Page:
"I think it's baked into the cake," Ryan told Wisconsin radio host Jay Weber on WISN, explaining that the update from the FBI "is just another saga in the Clinton chapter of them living above the rules, treating themselves by a different set of rules -- scandal after scandal after scandal."
Comey upended the 2016 presidential race just 10 days ago when he sent a letter to Capitol Hill leaders indicating the FBI located additional emails potentially related to its investigation of Clinton's private email server
and was reviewing tens of thousands of email messages. Donald Trump seized on the news, and the GOP presidential nominee and other down ballot candidates' standing in the polls tightened in key battleground states.
But the FBI Director stunned the political world again Sunday, with another letter just two days before the election reporting that the review was complete and he stood by his July decision that there was not enough evidence to prosecute Clinton for improper handling of sensitive material.
Ryan said concerns expressed by some in his party that Comey might have rushed through a review is "beside the point."
Instead, he pivoted back to the message he has stressed in recent days of ripping Clinton's behavior and warning about what her win would mean.
"The point is she mishandled classified information repeatedly. She put national security in jeopardy and why did he do this? So she could treat herself by a different set of rules than everybody else. That is a fact and that's just indisputable and that just shows you the kind of presidency we could have if we have a Hillary Clinton presidency."
The speaker, who is traveling to nearly every corner of his home state of Wisconsin in the final days to urge people to vote for the entire ticket, stressed bringing Republicans back together, but didn't mention Donald Trump's name during the ten minute interview.
"I think we need to unify as a party. I think we need to get everybody to the polls."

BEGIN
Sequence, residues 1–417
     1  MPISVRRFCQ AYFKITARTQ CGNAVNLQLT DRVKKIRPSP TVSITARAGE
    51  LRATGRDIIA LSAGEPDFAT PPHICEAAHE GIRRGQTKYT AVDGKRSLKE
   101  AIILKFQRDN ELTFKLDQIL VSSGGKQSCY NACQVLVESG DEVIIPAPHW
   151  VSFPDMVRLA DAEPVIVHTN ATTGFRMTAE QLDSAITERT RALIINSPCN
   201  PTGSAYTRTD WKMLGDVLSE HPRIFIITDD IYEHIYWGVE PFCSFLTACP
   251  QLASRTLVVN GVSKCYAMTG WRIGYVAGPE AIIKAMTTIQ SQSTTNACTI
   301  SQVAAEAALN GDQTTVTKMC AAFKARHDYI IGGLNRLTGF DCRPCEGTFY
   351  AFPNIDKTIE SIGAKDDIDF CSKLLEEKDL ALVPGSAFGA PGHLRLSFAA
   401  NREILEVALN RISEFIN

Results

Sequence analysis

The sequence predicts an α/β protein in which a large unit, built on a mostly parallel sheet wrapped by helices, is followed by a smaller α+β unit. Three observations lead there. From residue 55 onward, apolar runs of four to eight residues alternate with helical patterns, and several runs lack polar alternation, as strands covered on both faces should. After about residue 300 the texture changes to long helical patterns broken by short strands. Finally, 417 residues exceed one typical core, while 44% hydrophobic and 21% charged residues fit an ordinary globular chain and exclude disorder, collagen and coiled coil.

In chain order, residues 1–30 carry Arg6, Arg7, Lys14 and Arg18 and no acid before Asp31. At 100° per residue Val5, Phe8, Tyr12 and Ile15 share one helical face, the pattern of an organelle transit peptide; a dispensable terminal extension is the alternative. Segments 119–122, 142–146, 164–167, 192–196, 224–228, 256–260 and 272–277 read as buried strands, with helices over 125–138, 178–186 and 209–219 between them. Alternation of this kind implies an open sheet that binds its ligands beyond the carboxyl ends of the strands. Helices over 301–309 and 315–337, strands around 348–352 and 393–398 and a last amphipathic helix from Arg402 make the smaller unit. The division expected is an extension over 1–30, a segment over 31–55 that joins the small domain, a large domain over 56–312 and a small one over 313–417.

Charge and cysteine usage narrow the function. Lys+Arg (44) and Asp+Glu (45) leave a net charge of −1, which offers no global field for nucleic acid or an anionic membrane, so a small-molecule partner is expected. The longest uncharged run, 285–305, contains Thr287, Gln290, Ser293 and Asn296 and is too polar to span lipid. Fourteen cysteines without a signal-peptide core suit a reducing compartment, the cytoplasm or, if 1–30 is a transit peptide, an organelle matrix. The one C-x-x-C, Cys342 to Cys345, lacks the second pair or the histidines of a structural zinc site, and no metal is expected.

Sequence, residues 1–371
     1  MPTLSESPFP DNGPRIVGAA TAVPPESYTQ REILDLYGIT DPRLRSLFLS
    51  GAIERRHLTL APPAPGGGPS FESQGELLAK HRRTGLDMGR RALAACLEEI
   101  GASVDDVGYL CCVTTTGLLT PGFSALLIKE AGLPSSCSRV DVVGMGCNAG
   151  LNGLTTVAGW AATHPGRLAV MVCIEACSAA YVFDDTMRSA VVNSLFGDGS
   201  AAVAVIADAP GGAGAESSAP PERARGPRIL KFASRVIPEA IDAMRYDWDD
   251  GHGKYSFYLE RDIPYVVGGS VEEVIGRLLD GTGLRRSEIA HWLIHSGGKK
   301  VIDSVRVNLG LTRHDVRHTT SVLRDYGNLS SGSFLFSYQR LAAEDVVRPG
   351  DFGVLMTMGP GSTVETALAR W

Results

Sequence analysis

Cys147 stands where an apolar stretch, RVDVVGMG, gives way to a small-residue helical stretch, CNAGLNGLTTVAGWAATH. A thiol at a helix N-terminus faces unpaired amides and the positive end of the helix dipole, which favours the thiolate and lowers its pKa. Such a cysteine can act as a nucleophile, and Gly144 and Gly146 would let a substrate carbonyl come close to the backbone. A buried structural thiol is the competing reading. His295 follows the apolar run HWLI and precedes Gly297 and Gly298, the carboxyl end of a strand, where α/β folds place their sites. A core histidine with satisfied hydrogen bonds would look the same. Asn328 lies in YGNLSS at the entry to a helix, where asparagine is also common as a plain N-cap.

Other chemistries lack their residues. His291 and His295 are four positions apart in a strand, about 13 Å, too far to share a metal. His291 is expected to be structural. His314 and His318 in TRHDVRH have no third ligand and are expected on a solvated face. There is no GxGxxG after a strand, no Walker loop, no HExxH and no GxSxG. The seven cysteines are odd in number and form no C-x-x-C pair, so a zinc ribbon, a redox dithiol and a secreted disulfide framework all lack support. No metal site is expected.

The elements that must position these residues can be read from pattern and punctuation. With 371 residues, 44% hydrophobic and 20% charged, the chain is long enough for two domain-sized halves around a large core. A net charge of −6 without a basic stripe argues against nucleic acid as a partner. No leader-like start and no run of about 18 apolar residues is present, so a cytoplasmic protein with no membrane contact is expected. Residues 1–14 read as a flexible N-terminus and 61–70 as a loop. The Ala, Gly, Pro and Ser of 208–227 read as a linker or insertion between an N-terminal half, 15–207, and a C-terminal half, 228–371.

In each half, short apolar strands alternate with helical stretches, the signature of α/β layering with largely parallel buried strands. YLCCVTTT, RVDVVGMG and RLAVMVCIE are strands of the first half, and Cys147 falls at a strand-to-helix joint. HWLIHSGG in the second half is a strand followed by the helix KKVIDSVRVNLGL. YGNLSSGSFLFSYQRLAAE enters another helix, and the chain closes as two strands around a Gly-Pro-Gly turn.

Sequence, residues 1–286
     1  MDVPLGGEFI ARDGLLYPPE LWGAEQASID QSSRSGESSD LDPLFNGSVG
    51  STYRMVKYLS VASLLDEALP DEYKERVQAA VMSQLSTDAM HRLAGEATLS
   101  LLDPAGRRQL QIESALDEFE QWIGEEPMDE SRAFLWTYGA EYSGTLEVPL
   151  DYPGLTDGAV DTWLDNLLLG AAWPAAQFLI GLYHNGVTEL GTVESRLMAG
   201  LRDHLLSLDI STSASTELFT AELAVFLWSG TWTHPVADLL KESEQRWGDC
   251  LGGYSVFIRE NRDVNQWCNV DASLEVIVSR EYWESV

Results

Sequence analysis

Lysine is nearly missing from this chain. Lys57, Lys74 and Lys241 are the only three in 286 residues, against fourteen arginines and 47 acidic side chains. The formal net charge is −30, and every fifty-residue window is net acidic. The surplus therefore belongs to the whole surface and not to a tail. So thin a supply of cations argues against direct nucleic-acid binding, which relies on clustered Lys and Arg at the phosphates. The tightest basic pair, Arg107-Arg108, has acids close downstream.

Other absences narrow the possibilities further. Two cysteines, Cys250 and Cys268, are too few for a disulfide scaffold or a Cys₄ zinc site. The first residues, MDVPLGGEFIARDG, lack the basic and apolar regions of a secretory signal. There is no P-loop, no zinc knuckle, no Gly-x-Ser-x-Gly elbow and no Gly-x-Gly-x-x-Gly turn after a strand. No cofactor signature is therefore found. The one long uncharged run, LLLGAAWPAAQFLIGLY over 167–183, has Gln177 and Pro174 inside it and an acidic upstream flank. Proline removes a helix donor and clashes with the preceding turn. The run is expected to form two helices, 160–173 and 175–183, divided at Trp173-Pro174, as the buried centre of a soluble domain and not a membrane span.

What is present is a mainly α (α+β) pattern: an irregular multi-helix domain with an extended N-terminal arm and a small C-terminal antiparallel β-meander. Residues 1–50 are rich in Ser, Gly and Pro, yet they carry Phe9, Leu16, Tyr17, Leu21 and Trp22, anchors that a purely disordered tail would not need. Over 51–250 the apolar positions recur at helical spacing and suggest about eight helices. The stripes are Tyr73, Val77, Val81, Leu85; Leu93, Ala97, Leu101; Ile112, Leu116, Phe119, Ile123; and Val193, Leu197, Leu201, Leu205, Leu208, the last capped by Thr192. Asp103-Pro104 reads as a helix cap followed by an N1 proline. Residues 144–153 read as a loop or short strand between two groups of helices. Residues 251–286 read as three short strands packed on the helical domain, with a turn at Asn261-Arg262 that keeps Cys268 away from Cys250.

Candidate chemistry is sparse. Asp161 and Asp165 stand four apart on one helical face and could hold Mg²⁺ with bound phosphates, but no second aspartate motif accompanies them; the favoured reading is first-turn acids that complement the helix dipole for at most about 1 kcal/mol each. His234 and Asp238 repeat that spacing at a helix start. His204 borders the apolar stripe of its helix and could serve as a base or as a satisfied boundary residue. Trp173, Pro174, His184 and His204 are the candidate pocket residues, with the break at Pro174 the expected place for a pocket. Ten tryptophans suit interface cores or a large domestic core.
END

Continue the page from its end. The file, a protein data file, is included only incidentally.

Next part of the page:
Ryan appeared with Trump's running mate, Mike Pence, over the weekend, and told reporters he would have attended a rally in Wisconsin with the billionaire nominee, but it was scrapped.
He acknowledged that there were some reluctant voters this cycle, telling Weber, "I get why people don't like this election cycle, I can clearly understand it, it's the most bizarre one we've ever seen."
But Ryan said he warns that Clinton is "sitting on top a party that's run by Elizabeth Warren and Bernie Sanders. This is not a moderate party -- this is a very, very liberal left progressive party."
The Wisconsin Republican said even with questions about Trump's ability to win, voters needed to understand the significance of down ballot races on the future of the Supreme Court and other policy priorities."So even if we come up short at the top of the ticket it's really important that we keep the Senate to we can make sure that we have control on what judges go the bench."
Ryan stressed that he did over 100 political events in October in 45 cities in 17 states in three weeks, but is making the final push in his home state with an emphasis on getting out the vote for GOP Sen. Ron Johnson, saying the contest in his home state is "the proxy race" for control of the Senate.
"We are just going to leave everything on the field fighting for Ron in these final moments," Ryan said.
Ryan also told the Charlie Sykes radio show that he plans to run for speaker again.